The Statesman
New Delhi

NEW DELHI, 4 JUNE: Welcoming yesterday's ruling of the Central Information Commission (CIC) holding political parties answerable under the Right to Information (RTI) Act, RTI activists today said it will augur well for the political system as it will bring transparency and urged parties not to oppose the ruling.

RTI activist Subhash Chandra Aggarwal, who had lodged a complaint with the CIC over political parties refusing to acknowledge RTI applications, expressed regret that a few political parties are against this ruling. “The parties have started spreading a myth that after the Election Commission, they will now have to be answerable to the CIC. But it is wrong. The parties will have to be answerable to the public.”

Mr Aggarwal in his RTI application to the Congress and the BJP had demanded to know about the promises that were made by them in earlier manifestoes and those that were fulfilled, in addition to other things. At the same time, Mr Anil Bairwal of Association of Democratic Reforms (ADR) had demanded to know the ten maximum voluntary contributions made by the six national parties from 2004 to 2009. The parties told the RTI applicants that they do not come under the purview of the RTI Act. The activists are now hopeful that people will be able to access this information after the CIC ruling.

Emphasising that the ruling will allow the common man to know about the sources and the amount of funding, Mr Bairwal said that there is a lack of transparency at present in the funding of the political parties. A large source of funding for the Congress as per a disclosure through the RTI has been through ‘sale of coupons’. This has been questioned by the ADR for its dubiousness.

“After being brought under the purview of the RTI Act, the political parties will have to give details of every single rupee of donations. It cannot take advantage of the Representation of People’s Act 1951, which says that only donations of Rs 20,000 will have to be reported to the Election Commission. If the funds of a party are being used for private use, this can be brought to light through the use of the RTI Act,” said Mr Bairwal. He felt political party workers will also benefit from the ruling. “Party workers can know through RTI the criteria by which tickets were distributed by the parties,” he added.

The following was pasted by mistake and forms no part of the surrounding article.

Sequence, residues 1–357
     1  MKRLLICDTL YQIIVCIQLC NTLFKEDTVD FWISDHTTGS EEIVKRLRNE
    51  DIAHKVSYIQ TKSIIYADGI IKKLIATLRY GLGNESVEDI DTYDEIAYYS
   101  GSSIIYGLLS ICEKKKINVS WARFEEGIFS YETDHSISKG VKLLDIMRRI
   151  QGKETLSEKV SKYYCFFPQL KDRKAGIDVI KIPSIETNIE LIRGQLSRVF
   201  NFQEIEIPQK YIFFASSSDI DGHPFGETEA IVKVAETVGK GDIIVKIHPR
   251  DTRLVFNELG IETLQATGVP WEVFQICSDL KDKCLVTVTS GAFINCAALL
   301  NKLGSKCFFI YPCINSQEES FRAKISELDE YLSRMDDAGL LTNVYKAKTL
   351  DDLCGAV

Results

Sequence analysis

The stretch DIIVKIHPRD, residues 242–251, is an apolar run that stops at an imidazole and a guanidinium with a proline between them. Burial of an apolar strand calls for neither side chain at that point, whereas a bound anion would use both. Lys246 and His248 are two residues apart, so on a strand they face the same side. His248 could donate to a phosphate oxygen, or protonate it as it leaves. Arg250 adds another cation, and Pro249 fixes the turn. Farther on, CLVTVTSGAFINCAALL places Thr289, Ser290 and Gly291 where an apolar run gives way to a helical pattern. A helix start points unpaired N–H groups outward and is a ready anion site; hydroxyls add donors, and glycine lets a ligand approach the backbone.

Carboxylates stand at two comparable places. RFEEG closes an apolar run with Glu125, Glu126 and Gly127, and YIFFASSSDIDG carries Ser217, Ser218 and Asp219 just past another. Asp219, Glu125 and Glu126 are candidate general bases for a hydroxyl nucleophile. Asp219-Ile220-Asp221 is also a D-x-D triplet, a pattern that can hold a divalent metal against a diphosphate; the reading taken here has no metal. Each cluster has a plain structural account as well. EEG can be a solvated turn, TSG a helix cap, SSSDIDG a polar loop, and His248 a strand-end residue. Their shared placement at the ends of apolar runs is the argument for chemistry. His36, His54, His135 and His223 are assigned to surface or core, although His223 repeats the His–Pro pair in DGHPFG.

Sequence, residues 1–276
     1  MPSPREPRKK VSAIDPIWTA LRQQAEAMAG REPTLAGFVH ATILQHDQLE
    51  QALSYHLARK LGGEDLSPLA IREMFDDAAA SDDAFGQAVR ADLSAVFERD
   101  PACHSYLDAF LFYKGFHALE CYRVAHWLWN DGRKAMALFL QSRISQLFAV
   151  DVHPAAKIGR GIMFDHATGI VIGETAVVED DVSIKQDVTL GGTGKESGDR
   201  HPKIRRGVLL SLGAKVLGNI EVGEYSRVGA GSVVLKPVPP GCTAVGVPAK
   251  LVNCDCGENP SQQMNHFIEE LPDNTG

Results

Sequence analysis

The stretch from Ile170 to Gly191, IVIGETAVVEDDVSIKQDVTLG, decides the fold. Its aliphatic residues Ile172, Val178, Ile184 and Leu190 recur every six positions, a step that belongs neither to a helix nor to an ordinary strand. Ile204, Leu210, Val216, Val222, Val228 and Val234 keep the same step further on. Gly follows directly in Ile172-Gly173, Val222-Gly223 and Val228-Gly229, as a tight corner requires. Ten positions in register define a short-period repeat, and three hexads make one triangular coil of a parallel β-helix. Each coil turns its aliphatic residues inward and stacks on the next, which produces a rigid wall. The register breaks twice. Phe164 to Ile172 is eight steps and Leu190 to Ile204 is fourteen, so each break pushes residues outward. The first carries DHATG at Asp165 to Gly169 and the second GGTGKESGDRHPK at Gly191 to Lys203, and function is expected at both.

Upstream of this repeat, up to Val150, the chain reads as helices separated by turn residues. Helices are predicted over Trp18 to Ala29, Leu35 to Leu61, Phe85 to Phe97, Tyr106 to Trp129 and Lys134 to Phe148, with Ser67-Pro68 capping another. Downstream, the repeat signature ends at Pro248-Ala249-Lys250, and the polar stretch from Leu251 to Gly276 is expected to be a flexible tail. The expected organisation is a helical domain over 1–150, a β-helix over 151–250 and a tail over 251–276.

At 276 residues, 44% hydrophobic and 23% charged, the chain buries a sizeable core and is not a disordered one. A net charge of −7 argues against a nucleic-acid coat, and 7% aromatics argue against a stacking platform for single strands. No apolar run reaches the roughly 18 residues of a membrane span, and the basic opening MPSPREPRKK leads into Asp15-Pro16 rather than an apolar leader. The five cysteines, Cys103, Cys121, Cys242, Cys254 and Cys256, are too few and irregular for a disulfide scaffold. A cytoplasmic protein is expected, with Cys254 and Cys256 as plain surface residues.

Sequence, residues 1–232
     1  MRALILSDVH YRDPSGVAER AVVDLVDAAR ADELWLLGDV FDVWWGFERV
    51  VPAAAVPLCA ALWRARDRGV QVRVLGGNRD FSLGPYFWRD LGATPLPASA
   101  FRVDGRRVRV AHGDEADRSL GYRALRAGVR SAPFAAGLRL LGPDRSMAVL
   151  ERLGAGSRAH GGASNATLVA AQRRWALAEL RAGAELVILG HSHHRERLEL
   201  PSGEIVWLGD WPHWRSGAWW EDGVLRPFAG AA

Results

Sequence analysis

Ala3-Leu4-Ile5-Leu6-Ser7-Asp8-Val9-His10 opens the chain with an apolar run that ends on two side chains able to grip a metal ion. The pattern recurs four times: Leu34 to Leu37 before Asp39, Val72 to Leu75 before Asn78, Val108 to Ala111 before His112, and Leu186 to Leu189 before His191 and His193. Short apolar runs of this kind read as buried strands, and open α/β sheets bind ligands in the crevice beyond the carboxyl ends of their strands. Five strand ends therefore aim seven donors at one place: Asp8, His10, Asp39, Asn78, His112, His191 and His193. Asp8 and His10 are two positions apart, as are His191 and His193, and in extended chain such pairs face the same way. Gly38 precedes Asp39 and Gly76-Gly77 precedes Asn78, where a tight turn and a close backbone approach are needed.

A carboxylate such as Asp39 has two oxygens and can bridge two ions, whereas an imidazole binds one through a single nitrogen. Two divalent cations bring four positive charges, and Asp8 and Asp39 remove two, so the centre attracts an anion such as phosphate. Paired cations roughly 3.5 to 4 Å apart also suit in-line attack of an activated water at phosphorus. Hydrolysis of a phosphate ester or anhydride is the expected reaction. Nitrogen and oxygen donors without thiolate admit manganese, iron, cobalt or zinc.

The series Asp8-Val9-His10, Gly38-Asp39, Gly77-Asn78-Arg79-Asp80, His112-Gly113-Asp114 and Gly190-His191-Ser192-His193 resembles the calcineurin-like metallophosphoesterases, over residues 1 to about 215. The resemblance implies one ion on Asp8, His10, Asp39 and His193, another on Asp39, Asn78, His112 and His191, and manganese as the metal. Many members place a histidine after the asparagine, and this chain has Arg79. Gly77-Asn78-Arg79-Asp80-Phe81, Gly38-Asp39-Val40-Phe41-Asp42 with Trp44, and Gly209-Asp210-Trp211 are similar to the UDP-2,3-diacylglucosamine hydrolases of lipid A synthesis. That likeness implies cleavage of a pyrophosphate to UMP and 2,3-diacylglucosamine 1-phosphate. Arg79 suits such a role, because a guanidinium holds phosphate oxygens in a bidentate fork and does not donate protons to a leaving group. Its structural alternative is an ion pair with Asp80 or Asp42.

The ADR pointed out that there is indirect state funding for the parties through income tax exemptions. “At present under Section 13 (a) of the Income Tax Act, the parties get 100 per cent exemption from income tax on donations.

A number of corporate houses have given a donation of Rs 10 crore to the prominent political parties. That means a tax of Rs 3.9 crore or 30.9 per cent has been forgone for the political party for a donation of Rs 10 crore,” said former income tax commissioner, Ashok Kumar Aneja who has analysed the income tax returns of political parties for ADR.

With apprehensions that the political parties may contest the decision of CIC in a court of law, the ADR filed a caveat today before the High Court which restrains it from giving an  ex-parte stay to parties on the decision of the CIC. “This means, the High Court will have to give ADR an opportunity to represent itself when the political parties approach it for a stay,” said founder member of ADR, Mr Jagdeep Chhokar.

Mr Aggarwal said in order to avoid unnecessary RTI applications, the political parties should make comprehensive voluntary disclosures as stipulated under Section 4(1)(b) of the RTI Act. Mr Aggarwal said compliance with this clause has been tardy till now.

Upbeat over the CIC ruling, ADR has also begun the process through which other parties can also be brought under the RTI Act.

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